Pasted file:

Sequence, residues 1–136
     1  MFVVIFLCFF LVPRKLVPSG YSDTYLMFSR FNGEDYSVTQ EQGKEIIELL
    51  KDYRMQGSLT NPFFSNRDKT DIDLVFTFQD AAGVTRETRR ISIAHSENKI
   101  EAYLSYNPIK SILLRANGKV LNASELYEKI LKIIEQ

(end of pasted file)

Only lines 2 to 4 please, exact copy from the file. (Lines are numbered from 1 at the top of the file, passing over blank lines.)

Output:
     1  MFVVIFLCFF LVPRKLVPSG YSDTYLMFSR FNGEDYSVTQ EQGKEIIELL
    51  KDYRMQGSLT NPFFSNRDKT DIDLVFTFQD AAGVTRETRR ISIAHSENKI
   101  EAYLSYNPIK SILLRANGKV LNASELYEKI LKIIEQ